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Lady Chatterley's Lover

Phillip Breen, based on the novel by D H Lawrence
English Touring Theatre and Sheffield Theatres
York Theatre Royal

Jonah Russell (Oliver Mellors) and Hedydd Dylan (Lady Constance Chatterley) Credit: Mark Douet
Jonah Russell (Oliver Mellors) and Hedydd Dylan (Lady Constance Chatterley) Credit: Mark Douet
Eugene O'Hare (Sir Clifford Chatterley) Credit: Mark Douet

Lady Chatterley’s Lover is one of the most controversial books ever written. First published privately in Italy in 1928, the text was not made available in the UK until 1960, where it became the focus of a watershed obscenity trial. Within three months of being acquitted, the novel sold more than three million copies.

Although Lawrence’s novel has become notorious for its sexual explicitness and liberal use of profanity, this reputation is ultimately misleading. Lady Chatterley’s Lover is not a piece of pornography but rather a touching love story between a working class man and an upper class woman set in the class-bound milieu of post-WWI England. The fact that Lawrence had originally considered calling the novel Tenderness is highly revealing.

In the space of two and a half hours, writer and director Phillip Breen delivers a faithful albeit truncated version of the source novel. Constance (Hedydd Dylan) is the young, frustrated wife of Sir Clifford Chatterley (Eugene O’Hare) who has been paralysed from the waist down due to an injury he received in the First World War. The emotional and physical estrangement between husband and wife leads Constance to pursue an affair with their handsome gamekeeper, Oliver Mellors (Jonah Russell). As the lovers’ feelings deepen over time, this infidelity threatens to overturn both their lives.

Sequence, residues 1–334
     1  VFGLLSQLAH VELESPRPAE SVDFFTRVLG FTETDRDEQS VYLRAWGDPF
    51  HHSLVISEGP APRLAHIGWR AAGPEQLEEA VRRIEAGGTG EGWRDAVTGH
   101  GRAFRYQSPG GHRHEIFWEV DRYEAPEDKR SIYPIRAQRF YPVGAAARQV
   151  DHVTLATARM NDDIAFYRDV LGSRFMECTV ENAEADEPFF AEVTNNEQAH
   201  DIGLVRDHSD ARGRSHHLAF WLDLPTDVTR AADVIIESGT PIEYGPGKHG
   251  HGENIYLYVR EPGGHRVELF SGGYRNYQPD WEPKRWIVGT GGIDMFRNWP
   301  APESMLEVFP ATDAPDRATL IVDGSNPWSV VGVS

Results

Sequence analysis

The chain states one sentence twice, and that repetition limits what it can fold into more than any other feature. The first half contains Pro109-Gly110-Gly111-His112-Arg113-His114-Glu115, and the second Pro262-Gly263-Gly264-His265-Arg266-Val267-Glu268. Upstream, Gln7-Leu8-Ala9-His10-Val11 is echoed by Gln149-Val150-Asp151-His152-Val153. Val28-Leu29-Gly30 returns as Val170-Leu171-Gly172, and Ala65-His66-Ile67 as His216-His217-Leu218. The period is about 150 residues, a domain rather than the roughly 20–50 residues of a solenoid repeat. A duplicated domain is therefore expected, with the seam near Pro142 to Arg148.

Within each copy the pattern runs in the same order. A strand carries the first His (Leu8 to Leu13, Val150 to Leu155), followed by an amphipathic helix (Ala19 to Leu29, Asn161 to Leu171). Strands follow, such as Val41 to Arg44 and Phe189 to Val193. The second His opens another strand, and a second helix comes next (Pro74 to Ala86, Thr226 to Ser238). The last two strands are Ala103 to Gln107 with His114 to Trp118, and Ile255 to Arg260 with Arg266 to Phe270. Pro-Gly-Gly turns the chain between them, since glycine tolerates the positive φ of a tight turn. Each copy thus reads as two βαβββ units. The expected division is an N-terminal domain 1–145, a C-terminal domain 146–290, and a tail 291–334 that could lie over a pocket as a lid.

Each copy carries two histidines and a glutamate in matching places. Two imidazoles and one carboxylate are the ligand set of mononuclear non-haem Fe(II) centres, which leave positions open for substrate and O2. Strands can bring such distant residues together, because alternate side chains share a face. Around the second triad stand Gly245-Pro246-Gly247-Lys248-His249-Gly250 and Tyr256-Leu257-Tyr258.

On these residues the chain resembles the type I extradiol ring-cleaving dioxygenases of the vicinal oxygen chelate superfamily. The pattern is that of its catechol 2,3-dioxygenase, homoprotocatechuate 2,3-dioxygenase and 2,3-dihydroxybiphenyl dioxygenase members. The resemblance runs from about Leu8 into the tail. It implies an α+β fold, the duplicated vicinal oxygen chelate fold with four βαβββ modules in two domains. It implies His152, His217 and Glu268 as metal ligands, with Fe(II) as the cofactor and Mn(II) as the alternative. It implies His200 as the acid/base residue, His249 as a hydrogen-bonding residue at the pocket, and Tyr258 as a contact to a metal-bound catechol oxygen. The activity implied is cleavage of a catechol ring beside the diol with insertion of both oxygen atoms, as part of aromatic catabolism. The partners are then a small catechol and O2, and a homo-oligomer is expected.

Sex scenes are notoriously difficult to do well on stage because the results are often cringe-inducing. This is not the case with Breen’s production, which manages to stay true to the transgressive spirit of Lawrence’s original novel without being gratuitous. The love scenes, performed fully-clothed, are not merely titillating because the two leads play them as the awkward, desperate fumblings of two lost souls.

Breen does not shy away from dramatising the most infamous part of Lawrence’s novel, in which the naked lovers thread flowers in each other’s pubic hair whilst playfully referring to the wedding of their genitals (‘Lady Jane’ and ‘John Thomas’). The nudity does not feel exploitative because the scene successfully conveys Lawrence’s belief in personal and sexual freedom.

The effectiveness of the love story is largely due to the quality of the two central performers. As Constance, Hedydd Dylan is convincingly brittle in the early scenes and overwhelmed by love in the later ones. Jonah Russell gives an understated performance as Mellors, a simple man besieged by violent passions.

The rest of the cast are also strong. In the tricky role of Sir Clifford, Eugene O’Hara conveys both the character’s haughty superiority and his petulant self-pity. Will Irvine plays his four small roles with skill, and he is amusingly despicable as the Irish playwright Michaelis—Constance’s first adulterous lover—who chastises her for taking too long to climax. Rachel Sanders is pleasingly inscrutable as Sir Clifford’s nurse.

Laura Hopkins’s stage designs are highly effective. The play opens, for example, with dust sheets being removed from the furniture in the Chatterleys’ home, and there is a clear sense of life beginning again after the horrors of the First World War. The passing of the seasons is cleverly conveyed through the scattering and gathering of flowers on the stage.

The sparseness of the production design is enhanced by the clarity of Natasha Chivers’s lighting and Andrea J Cox’s evocative sound design.

I have some reservations about the production. By choosing to focus on the central love story, the political dimension of Lawrence’s novel becomes muted. Although Breen offers us fleeting glimpses into the social unease of post-war England, the rural mining setting of the original text is largely absent. Also, the brevity of certain scenes, particularly in the first half, means that the production occasionally has a staccato feeling.

Breen’s production offers the audience a tender love story, movingly told, and successfully dramatises many of the key issues in Lawrence’s infamous novel.

Reviewer: James Ballands